Grand Ole Opry’s Barn Dance “Hee Haw” Show

In 1925, the Grand Ole Opry started to broadcast their “barn dance” radio show. Today, they continue to broadcast the show on Thursday nights. The show dedicates honor to country music and it’s history. Today, the show is called “The Show That Made Country Music Famous”.

The Opry has an interesting hidden gem backstage. There is a painting that depicts a film session from the show “Hee Haw”, which ran from 1971 to 1993. Archie Campbell created this piece of art and painted himself into the mural. You can find him in the back right corner wearing a white overcoat dressed like a barber. Furthermore, the Opry moved from the Ryman Auditorium to its new current location in 1974, and it was here where Archie Campbell painted his mural.

In 2010, Middle Tennessee experienced a massive flood which completely destroys the Opry and the surrounding area. Major renovations and restorations were implemented in order to save the Grand Ole Opry. Thankfully, with the renovations and restorations, the mural is safe from complete destruction and only suffers from minimal water damage. If you look close, the damage can be seen at the bottom right corner of the painting. In addition, this mural represents an important era of Country Music history and pays tribute to all who perform there today as well as in the past. Equally important, the mural also plays a key role in helping to establish Nashville as a historical area.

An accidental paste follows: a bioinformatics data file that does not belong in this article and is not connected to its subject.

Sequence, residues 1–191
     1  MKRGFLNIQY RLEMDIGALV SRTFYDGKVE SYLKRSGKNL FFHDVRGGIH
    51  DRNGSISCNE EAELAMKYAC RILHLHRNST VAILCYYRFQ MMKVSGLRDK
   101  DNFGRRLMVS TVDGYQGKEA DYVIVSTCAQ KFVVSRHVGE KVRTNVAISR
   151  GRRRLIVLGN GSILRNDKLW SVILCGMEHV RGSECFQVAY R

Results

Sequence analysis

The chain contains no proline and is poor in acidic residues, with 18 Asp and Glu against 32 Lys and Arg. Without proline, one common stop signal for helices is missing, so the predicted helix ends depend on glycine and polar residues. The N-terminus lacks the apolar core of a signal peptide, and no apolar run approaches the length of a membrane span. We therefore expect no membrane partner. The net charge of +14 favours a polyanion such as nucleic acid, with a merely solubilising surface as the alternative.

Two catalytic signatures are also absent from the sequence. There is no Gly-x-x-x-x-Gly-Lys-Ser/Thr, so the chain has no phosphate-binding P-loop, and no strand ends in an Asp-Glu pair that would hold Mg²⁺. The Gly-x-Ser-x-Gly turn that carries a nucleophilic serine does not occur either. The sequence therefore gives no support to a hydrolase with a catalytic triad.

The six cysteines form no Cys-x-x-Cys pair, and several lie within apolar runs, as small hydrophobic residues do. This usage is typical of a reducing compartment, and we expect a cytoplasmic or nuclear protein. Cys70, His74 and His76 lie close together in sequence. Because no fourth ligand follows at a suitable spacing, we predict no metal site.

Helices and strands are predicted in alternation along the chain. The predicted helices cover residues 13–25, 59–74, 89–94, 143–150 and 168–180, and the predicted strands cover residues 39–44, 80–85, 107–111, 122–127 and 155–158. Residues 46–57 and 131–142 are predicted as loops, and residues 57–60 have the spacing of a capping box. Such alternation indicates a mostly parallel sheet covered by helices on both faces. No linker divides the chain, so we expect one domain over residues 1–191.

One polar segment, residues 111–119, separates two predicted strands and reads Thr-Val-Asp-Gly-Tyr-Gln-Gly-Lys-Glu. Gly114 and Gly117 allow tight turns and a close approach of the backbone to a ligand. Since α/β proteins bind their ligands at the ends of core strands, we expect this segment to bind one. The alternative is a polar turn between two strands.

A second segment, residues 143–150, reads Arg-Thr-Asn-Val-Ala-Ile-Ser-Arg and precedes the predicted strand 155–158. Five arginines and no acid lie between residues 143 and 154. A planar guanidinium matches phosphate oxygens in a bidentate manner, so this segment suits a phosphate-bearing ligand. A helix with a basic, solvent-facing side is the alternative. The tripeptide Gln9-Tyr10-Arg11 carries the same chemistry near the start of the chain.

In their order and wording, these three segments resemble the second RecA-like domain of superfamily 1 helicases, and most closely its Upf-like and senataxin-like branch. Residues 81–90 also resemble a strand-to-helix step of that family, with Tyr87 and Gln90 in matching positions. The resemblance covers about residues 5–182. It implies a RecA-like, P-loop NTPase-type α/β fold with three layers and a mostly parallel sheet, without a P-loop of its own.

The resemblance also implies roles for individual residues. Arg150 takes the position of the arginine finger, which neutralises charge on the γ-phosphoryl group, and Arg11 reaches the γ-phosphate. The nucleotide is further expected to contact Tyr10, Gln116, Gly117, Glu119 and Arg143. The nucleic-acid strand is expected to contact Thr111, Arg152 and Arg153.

About the Author: Austin Dunlop took this photo. Austin is a Senior at John Carroll University and after graduation, he will be working for his fraternity Beta Theta Pi.“

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